Textualism Unites Conservative and Liberal Justices to Vindicate LGBTQ Workplace Rights
Yesterday, the Supreme Court held in Bostock v. Clayton County that an employer who fires an individual for being gay or transgender violates Title VII of the Civil Rights Act of 1964, the federal law regulating discrimination in employment. Accompanying the relief and celebration of LGBTQ advocates and allies was genuine surprise that the opinion, which was expected to be a 5-4 decision, in fact secured six votes for the majority and only three dissents. Additionally, there was surprise that the pro-LGBTQ majority opinion was written by Justice Gorsuch, President Trump’s appointee, who is generally considered to lean towards the conservative wing of the Court. The Supreme Court’s prior case majority opinions addressing LGBTQ rights were all written by Justice Anthony M. Kennedy, who retired in 2018, leaving more mystery as to how the case would be decided by the current justices.
The basis for the decision, which relied on the plain textual meaning of the statute, helps explain why the more “conservative” Justices Gorsuch and Roberts saw fit to join the “liberal” wing of the Court on this issue. As their opinion explains, the majority of the Court felt that the plain text of Title VII, along with Supreme Court precedent, commanded the result.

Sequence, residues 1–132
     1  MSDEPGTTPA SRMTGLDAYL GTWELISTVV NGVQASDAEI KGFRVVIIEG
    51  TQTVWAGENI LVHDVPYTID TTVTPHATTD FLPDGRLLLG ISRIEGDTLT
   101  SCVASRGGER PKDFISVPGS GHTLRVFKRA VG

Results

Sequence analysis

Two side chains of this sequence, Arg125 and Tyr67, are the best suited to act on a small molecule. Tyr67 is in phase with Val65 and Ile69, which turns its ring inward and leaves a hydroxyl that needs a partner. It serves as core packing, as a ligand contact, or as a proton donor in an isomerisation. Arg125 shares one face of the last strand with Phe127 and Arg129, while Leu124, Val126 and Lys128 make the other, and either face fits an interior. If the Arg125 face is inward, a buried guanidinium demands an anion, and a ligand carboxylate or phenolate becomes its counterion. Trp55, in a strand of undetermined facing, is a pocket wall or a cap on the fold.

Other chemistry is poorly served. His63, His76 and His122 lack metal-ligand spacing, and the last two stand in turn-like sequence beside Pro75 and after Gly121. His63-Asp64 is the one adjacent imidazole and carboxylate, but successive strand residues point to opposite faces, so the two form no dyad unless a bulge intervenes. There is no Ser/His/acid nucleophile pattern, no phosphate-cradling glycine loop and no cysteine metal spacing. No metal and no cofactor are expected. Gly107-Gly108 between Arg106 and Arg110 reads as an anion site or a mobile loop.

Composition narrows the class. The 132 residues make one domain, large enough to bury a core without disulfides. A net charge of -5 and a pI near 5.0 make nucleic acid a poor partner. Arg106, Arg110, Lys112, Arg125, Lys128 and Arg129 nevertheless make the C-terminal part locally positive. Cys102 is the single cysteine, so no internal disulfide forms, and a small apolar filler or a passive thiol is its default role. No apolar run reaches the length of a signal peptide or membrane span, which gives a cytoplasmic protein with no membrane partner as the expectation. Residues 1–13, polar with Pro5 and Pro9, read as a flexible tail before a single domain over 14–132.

Title VII prohibits discrimination in employment on the basis of race, color, religion, sex or national origin. Many state and local laws also explicitly include sexual orientation and gender identity among protected classes. But plaintiffs in the three cases before the Supreme Court argued that Title VII’s ban on discrimination on the basis of “sex” also necessitated protections for gay and transgender individuals at the national level.
Gerald Bostock worked for a decade as a child welfare advocate for Clayton County, Georgia, which won national awards for its work under his leadership; nonetheless, the county terminated him after he began participating in a gay recreational softball league. Donald Zarda was fired from a skydiving company in New York after disclosing that he was gay. Aimee Stephens worked at a funeral home in Michigan and presented as male when she got the job, but was fired after explaining to her employer that she intended to “live and work full-time as a woman.” All three were plaintiffs who obtained vindication by the Supreme Court yesterday; however, Zarda and Stephens’s cases are being pursued by their estates as they passed away prior to the ruling. Stephens passed away roughly one month prior to the decision.